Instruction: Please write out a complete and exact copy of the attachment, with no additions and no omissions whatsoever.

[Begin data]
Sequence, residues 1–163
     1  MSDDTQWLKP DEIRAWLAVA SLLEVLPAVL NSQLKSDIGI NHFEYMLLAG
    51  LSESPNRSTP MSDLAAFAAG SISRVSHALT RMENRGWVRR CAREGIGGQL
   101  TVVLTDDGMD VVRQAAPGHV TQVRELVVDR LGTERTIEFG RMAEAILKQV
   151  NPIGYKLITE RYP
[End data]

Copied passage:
Sequence, residues 1–163
     1  MSDDTQWLKP DEIRAWLAVA SLLEVLPAVL NSQLKSDIGI NHFEYMLLAG
    51  LSESPNRSTP MSDLAAFAAG SISRVSHALT RMENRGWVRR CAREGIGGQL
   101  TVVLTDDGMD VVRQAAPGHV TQVRELVVDR LGTERTIEFG RMAEAILKQV
   151  NPIGYKLITE RYP